News / Africa

UN Renews Darfur Force, Cuts Troops

UNAMID peacekeeper Sergent Kindu Tarekegn, from Adigrat, Ethiopia, escorts a family that is returning home after farming outside Gereida, South Darfur, July 25, 2012.
UNAMID peacekeeper Sergent Kindu Tarekegn, from Adigrat, Ethiopia, escorts a family that is returning home after farming outside Gereida, South Darfur, July 25, 2012.
Larry Freund
NEW YORK — The United Nations Security Council on Tuesday extended the mandate for the U.N.-African Union peacekeeping force in Sudan's Darfur region, but the Council voted to reduce the number of U.N. troops and police in Darfur.  

The Security Council resolution extends the Darfur peacekeeping operation for a sixth year, but during the next 12 to 18 months reduces the number of troops from 19,000 to 16,200.  The council also voted to cut the number of U.N. police in Darfur from about 3,700 to about 2,300.

In a recent report, U.N. Secretary-General Ban Ki-moon said the U.N. operation in Darfur, known as UNAMID, continues to contribute to the protection of civilians and facilitate the delivery of aid to vulnerable populations.  Ban said that in the years since the deployment of the mission, the security situation in Darfur has improved.

The Security Council resolution was approved by 14 of the council’s 15 members with Azerbaijan abstaining.  The country’s ambassador said that the council’s discussions on the resolution had not been sufficiently open.

Guatemala’s representative, Gert Rosenthal - who voted in favor of the resolution - objected to the inclusion of a paragraph asking the UNAMID peacekeepers to share information about the Lord’s Resistance Army.  The rebel group, formed in Uganda during the late 1980s, has moved its activities into neighboring states.

Rosenthal said he had serious reservations about that paragraph.

“The objective information from the secretariat of this organization does not provide a basis for believing that there is an involvement of the Lord’s Resistance Army in the zone covered by UNAMID,” he said.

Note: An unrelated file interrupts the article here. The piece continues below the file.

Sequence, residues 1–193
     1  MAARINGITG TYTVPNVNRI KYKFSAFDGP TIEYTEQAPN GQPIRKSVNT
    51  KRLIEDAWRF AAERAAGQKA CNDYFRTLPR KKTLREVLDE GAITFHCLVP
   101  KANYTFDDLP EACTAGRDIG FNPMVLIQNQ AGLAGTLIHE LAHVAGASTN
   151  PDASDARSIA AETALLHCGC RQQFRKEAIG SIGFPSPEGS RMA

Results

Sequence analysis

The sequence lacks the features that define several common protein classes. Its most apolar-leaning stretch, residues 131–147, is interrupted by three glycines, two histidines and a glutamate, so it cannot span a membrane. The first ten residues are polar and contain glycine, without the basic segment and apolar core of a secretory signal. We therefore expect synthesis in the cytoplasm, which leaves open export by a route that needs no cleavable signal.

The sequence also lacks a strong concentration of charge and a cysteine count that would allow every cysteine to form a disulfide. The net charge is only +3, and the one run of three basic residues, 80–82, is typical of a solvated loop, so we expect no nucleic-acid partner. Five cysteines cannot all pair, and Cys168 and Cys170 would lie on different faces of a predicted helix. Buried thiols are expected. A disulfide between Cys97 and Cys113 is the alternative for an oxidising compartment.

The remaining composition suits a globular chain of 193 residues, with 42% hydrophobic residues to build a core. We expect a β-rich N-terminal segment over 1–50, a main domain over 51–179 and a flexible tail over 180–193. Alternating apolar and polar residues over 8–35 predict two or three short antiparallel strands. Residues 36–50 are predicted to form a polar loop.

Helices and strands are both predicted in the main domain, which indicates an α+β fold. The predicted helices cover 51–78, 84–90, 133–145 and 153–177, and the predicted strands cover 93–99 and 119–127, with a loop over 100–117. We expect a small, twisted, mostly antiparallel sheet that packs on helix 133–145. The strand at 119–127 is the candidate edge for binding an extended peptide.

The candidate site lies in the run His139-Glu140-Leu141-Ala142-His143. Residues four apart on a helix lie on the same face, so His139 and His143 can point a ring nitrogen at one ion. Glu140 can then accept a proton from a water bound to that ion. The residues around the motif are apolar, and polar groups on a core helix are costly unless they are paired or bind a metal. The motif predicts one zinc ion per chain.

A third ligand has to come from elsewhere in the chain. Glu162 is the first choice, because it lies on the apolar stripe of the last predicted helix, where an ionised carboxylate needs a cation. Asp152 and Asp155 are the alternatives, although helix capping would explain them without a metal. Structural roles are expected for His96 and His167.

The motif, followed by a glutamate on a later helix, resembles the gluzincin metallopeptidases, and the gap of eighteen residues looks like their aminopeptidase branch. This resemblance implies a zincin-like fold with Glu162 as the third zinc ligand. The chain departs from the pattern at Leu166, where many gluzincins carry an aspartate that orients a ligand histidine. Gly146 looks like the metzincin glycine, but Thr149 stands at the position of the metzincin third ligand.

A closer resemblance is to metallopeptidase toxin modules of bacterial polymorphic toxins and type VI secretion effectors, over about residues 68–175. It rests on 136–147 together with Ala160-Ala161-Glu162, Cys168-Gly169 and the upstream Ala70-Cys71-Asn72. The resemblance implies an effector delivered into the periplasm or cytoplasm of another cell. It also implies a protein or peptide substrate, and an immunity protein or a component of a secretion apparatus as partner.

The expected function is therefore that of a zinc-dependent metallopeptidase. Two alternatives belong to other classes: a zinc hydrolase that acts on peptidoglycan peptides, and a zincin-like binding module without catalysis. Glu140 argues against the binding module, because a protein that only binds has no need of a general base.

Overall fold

Sudan’s ambassador, Daffa-Alla Elhag Ali Osman, also objected to the reference to the Lord’s Resistance Army, or LRA, saying that there was no reference in the resolution to anti-Sudanese rebel groups that, he said, are based in South Sudan.

”Is that logical?  We will continue to work with UNAMID within its traditional mandate,"  Osman said.  "We have strong reservations regarding inclusion of LRA and we will monitor the situation.”

British ambassador Mark Lyall Grant told reporters that the reference in the Security Council resolution to the Lord’s Resistance Army does not change the mandate of the UNAMID peacekeepers.

“We have exactly the same objective as the government of Sudan, which is that the LRA should play no role whatsoever and should be completely absent from Darfur,” he said.

Lyall Grant added that there is no evidence of LRA activity in Sudan.  He also said the Security Council is concerned about the Sudanese government’s restrictions on the movement and operations of UNAMID peacekeepers and humanitarian agencies, and called on the government to lift the restrictions immediately.

UNAMID was established in 2007 with the primary mission of protecting civilians.  Rebels in Darfur have been fighting the Sudanese government since 2003.

You May Like

Video VOA Reporter Tours Devastated Peshawar School

Islamist militants wearing military uniforms and strapped with explosives attacked a military run school Tuesday in the northwestern Pakistani city of Peshawar. At least 141 people were killed in the horrific attack, most of them young students. More

Video Sudan School Becomes Target of Aerial Attacks